A good lender should be regularly reachable by phone or email. Your lending company should connect you with a representative who knows your company, application, and industry like the back of their hand. If your lender doesn’t offer this level of customer service, choose a different one.
The SBA 504 loan program
The SBA 504 loan program provides small businesses such as car dealerships with low-cost expansion and modernization funding. If you’re planning to purchase commercial real estate for your dealership, SBA 504 loans could meet your needs.
SBA 504 loans are also helpful if your dealership falls within the public policy goals of your local community development corporation (CDC). In this case, your CDC could cover up to 40% of your project cost. You would then use your SBA 504 loan toward at most 50% of your costs, and you’d cover the remainder via a down payment of your own cash.
The SBA microloan program
If your dealership is a very small business (a.k.a. a microbusiness), you may qualify for loans through the SBA Microloan Program. These loans, which do not exceed $50,000, can go toward all business costs except commercial real estate purchases (for which SBA 7(a) loans work) and debt payments.
Non-SBA loans and other funding options
As a car dealer, SBA loans aren’t your only option, but be careful – your other possibilities may have shorter terms, larger payments, and higher rates. These possibilities include:
Bank term loans
If you need cash fast but don’t qualify for SBA loans, try bank term loans. You can typically use these loans toward working capital costs, new equipment purchases, and debt refinancing. Confirm the details of your lender’s prepayment penalties, possible loan amounts, rates, and repayment terms before proceeding.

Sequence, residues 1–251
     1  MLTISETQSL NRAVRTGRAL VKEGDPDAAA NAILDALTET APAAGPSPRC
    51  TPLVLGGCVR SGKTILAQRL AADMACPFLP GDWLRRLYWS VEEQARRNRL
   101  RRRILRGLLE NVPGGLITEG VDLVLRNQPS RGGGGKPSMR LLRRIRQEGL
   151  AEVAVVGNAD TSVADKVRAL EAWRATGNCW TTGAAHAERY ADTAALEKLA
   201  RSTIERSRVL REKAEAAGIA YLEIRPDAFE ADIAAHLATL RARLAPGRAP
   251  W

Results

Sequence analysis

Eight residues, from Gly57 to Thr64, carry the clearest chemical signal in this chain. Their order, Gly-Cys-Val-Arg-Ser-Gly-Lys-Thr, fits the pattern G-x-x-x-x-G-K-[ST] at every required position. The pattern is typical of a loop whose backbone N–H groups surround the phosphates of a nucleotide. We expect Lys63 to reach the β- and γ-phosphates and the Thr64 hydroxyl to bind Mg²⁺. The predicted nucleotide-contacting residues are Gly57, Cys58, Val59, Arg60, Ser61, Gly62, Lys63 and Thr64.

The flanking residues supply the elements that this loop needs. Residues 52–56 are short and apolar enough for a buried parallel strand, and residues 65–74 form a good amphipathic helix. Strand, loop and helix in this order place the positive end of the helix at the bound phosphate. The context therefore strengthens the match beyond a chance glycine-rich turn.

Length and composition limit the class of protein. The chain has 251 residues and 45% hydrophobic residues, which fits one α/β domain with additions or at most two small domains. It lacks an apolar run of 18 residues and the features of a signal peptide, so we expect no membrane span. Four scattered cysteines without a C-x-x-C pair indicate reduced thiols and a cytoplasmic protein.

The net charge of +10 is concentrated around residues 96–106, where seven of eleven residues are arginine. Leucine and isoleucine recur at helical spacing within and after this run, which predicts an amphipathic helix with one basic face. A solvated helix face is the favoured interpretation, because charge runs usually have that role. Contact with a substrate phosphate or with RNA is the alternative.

Merchant cash advances
If your dealership accepts card payments, merchant cash advances (MCAs) may be feasible funding options. MCAs provide advance funding that you must repay over time through regularly scheduled payments or by paying a small percentage of all transactions toward your loan. With this repayment convenience come extremely high APRs that you may want to avoid. Read more about MCAs via the SmartBiz Loans blog What You Need to Know About an MCA.
Business lines of credit
Business lines of credit allow you to borrow money up to a preset maximum proportional to your credit. Although you’ll have less funding access than with a bank term loan, you’ll only pay interest on money that you actually use. You can borrow as much or as little money as you want until you reach your maximum, and you likely won’t have to put up collateral either. Learn more via the SmartBiz Loans blog Small Business Lines of Credit Pros and Cons.
Business lines of credit are similar to business credit cards since both are revolving lines of credit, but business lines of credit stop existing after you reach your maximum. They also lack the spending rewards that many business credit cards offer.
Why Choose SmartBiz Loans?
Need funding to rebuild your business? Don’t waste time going from bank-to-bank filling out multiple applications. SmartBiz helps you find the best financing for your unique needs whether that’s an SBA loan, Bank Term loan, or other financing. About 90% of qualified applications we refer to banks are funded and our financial professionals are on hand to answer your questions. Discover if you’re pre-qualified herewithout impacting your credit scores** and read the SmartBiz 5-star customer service reviews on TrustPilot.
*The information provided through SmartBiz Advisor, including the Loan Ready Score, is for educational purposes only. SmartBiz Advisor is not a financial or legal advisor as defined under federal or state law. Use of this information is not a replacement for personal, professional advice or assistance regarding your finances or credit history.
**We conduct a soft credit pull that will not affect your credit score. However, in processing your loan application, the lenders with whom we work will request your full credit report from one or more consumer reporting agencies, which is considered a hard credit pull and happens after your application is in the funding process and matched with a lender who is likely to fund your loan.